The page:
John Flamsteed Facts
The English astronomer John Flamsteed (1646-1719), the first astronomer royal, was the author of an important set of star catalogs.
John Flamsteed was born at Denby near Derby on Aug. 19, 1646, the only son of Stephen Flamsteed. John attended the Free School in Derby until he was forced to leave because of illness. After a brief period of rest and treatment, he entered Jesus College, Cambridge, in 1670 to study astronomy.
Flamsteed's interest in astronomy was stirred by the solar eclipse of 1662, and besides reading all he could find on the subject he attempted to make his own measuring instruments. He came to astronomy more or less self-taught, and yet he became known through an article in 1670 in the foremost scientific journal of the day, Philosophical Transactions of the Royal Society. At Cambridge he observed the planets and the moon, and by these observations and research into written sources he deduced great quantities of data. After earning his degree in 1674 and taking Holy Orders, Flamsteed was invited to London by Sir Jonas Moore, Governor of the Tower, who offered him a private observatory in Chelsea. But events took a different course: it had been pointed out to King Charles II by his advisers, of whom Flamsteed was one, that if more accurate astronomical data were available to seamen, fewer ships and men would be lost. Sir Christopher Wren built an observatory at Greenwich, and Flamsteed was appointed in 1675 "our astronomical observator," the first astronomer royal.
Flamsteed's position was difficult: he had no instruments and no assistants. A clergyman without a living, he took private pupils in mathematics and astronomy to supplement his salary so that he could purchase the instruments he needed. For 13 years he worked single-handedly, with a sextant of 7-foot radius and other instruments that he had provided for himself, and made at least 20,000 observations. He improved the existing tables of known star positions and the tables of the moon's motion, and he attempted to amend existing lunar and planetary theories. Although Flamsteed repeatedly asked for a transit instrument, he was never provided with one; his observations could be made solely with his sextant, which gave only relative positions of the stars.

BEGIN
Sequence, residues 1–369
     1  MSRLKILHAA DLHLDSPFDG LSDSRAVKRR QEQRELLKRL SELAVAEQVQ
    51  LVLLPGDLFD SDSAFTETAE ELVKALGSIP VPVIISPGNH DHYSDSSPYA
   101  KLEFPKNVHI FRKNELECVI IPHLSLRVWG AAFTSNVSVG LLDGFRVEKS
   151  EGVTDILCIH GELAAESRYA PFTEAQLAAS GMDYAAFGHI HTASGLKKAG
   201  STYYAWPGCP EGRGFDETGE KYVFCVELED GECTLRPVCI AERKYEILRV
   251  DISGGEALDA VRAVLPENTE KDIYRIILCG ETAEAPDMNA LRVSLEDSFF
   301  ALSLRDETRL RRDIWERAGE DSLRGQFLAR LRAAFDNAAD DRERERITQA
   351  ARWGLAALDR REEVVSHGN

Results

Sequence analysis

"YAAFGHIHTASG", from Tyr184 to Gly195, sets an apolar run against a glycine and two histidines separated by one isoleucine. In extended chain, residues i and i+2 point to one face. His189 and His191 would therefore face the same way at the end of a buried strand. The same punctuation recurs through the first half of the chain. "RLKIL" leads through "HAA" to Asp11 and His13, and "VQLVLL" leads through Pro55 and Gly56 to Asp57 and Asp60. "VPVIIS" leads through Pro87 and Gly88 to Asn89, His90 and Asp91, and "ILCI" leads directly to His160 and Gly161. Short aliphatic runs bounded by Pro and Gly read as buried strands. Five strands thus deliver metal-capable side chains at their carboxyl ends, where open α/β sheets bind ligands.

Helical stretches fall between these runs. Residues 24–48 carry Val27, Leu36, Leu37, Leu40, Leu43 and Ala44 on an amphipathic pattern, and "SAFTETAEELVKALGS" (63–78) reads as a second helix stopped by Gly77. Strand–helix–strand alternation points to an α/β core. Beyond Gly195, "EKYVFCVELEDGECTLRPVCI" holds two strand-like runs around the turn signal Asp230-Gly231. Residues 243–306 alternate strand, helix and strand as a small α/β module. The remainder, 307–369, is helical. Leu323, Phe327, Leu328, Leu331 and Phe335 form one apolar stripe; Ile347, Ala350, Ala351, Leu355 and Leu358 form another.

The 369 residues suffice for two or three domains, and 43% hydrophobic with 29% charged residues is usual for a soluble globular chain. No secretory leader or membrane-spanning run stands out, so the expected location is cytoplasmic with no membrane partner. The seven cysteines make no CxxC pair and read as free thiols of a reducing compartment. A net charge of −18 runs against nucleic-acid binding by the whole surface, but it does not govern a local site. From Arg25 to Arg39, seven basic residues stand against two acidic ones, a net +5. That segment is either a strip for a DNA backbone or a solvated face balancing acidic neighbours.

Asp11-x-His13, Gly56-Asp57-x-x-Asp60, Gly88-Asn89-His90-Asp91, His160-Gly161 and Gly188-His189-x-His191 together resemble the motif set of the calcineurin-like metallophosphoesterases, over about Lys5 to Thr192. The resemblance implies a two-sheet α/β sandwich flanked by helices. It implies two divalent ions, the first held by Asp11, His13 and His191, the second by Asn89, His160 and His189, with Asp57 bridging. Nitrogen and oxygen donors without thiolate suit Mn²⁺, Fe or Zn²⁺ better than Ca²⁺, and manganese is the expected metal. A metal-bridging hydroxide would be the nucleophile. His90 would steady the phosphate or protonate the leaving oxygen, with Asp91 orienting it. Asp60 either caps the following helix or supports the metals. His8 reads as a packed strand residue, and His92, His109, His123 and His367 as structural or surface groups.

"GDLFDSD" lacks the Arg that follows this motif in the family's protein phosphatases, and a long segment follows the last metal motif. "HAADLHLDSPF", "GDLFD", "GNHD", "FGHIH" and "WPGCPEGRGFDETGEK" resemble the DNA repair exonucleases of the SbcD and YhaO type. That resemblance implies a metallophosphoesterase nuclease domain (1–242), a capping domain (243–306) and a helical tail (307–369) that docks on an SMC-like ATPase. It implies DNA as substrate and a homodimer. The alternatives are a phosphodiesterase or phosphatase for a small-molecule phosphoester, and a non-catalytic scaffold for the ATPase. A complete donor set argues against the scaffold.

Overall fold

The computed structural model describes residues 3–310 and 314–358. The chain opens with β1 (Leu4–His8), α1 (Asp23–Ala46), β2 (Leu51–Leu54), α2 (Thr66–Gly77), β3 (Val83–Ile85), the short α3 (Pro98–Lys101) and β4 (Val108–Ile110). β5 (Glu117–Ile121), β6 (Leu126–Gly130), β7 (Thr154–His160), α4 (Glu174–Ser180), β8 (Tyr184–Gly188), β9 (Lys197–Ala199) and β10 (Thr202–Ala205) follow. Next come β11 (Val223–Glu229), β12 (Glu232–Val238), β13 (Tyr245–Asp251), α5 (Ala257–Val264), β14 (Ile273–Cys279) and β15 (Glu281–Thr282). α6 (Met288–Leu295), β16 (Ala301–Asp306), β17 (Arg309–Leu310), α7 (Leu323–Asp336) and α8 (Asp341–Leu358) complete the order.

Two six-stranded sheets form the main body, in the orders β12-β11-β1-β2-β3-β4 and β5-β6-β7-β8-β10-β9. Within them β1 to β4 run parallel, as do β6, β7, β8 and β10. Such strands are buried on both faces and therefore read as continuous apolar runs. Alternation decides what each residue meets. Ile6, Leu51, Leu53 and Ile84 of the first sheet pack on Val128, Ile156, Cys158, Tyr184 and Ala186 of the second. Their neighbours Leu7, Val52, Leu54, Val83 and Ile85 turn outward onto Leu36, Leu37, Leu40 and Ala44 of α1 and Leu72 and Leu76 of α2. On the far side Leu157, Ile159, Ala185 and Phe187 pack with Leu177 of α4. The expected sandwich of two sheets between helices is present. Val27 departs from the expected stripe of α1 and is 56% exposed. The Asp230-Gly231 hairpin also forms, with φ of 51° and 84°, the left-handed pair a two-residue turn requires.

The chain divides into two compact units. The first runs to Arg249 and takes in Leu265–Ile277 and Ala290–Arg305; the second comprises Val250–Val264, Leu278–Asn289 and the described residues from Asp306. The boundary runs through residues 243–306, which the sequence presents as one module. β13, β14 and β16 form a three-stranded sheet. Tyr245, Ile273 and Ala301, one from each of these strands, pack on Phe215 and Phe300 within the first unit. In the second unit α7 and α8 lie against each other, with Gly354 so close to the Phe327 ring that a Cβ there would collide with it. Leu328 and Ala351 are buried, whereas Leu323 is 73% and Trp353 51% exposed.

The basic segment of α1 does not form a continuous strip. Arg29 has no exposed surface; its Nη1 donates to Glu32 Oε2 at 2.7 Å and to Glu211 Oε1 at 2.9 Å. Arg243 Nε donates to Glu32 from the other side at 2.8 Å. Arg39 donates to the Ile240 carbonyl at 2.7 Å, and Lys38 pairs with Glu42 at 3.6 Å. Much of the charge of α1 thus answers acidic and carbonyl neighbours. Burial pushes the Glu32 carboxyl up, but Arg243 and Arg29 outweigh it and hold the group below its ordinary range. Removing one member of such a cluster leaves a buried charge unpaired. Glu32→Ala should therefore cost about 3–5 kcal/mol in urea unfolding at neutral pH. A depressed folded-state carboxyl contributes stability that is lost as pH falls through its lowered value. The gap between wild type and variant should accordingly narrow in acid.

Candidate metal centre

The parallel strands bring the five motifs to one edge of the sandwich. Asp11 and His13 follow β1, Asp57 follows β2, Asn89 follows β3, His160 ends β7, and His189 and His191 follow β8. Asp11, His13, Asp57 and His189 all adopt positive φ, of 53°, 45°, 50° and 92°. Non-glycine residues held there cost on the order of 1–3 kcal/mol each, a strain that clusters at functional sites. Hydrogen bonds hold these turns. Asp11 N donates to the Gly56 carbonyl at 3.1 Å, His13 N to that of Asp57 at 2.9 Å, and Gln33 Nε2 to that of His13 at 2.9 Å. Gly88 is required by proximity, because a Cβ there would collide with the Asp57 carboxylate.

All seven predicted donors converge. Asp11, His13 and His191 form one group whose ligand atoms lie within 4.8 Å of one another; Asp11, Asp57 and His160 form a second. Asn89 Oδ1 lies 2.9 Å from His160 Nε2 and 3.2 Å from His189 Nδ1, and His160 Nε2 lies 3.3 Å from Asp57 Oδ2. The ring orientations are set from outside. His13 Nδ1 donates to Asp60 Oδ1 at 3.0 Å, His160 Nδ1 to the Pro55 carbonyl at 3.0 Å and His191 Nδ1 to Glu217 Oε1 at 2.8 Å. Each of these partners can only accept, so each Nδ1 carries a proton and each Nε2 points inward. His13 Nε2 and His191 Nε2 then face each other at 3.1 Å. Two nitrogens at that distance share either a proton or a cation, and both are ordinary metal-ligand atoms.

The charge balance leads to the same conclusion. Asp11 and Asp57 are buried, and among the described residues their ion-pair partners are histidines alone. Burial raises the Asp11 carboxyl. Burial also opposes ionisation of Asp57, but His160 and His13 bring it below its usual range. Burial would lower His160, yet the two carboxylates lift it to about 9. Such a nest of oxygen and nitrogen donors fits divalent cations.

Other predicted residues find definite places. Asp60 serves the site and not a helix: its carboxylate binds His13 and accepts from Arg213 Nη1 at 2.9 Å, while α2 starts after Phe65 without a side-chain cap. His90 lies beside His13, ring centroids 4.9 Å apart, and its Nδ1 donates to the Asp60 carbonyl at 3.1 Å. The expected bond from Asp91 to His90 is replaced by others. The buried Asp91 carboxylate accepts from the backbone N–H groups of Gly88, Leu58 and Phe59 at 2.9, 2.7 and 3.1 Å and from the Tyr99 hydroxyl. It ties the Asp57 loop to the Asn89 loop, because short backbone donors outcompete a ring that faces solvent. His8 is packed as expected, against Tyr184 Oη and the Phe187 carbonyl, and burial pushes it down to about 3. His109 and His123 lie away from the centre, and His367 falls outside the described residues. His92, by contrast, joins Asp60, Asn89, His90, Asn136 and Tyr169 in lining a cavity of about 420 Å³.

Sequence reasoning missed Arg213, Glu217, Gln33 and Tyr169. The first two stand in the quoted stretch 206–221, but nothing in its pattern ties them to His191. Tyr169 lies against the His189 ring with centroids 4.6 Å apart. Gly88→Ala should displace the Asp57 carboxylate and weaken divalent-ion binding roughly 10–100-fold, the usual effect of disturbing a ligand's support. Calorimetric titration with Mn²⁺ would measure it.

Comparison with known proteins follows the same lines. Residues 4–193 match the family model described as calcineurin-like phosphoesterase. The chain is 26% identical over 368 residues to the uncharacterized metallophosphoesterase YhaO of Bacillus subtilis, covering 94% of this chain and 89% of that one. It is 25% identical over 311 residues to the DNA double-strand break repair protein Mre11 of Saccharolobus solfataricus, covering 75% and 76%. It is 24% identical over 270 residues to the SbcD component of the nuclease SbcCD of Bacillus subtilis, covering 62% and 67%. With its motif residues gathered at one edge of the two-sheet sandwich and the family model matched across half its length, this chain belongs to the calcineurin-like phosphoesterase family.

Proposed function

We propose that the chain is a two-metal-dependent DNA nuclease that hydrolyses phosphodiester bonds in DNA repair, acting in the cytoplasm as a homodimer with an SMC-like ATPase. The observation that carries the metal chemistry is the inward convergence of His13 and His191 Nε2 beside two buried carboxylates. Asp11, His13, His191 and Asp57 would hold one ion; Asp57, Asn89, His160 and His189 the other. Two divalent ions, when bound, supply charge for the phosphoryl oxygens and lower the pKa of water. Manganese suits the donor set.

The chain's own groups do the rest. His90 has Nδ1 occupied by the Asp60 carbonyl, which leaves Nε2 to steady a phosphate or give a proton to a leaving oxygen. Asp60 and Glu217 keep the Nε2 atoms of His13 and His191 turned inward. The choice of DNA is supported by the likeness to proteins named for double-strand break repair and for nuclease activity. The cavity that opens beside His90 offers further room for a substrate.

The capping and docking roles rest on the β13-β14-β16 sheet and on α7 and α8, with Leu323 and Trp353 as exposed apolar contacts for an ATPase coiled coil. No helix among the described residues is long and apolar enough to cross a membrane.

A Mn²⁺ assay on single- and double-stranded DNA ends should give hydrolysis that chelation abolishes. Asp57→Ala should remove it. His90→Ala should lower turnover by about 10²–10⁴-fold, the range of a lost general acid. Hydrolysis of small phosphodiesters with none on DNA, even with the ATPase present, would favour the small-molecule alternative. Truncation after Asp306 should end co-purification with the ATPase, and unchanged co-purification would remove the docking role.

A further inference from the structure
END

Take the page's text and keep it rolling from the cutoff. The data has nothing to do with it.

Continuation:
Isaac Newton badly needed the data from Flamsteed's observations to complete his lunar theory, but Flamsteed regarded them as his own property. The two quarreled, and eventually Flamsteed was obliged to turn his data over to the Royal Society, of which Newton was president. Shortly thereafter, in 1712, the data appeared without Flamsteed's consent, under the title Historia coelestis Britannica. Flamsteed died on Dec. 31, 1719, before the printing of his own edition was complete (1725).
Flamsteed was probably the first to make good use of a timepiece in addition to the usual angle-measuring instruments. He found the annual variation in the position of the polestar to be 40". His greatest achievement was perhaps his British Catalogue of 2884 Stars, which included critiques of many earlier catalogues.
Further Reading on John Flamsteed
Francis Baily, Account of the Reverend John Flamsteed (1935), is the main source of information. This originally made up the third volume of Flamsteed's Historia coelestis Britannica (1725), completed posthumously. Flamsteed is covered in Eugene Fairfield McPike, Hevelius, Flamsteed and Halley (1957), and Antonie Pannekoek, A History of Astronomy (1961).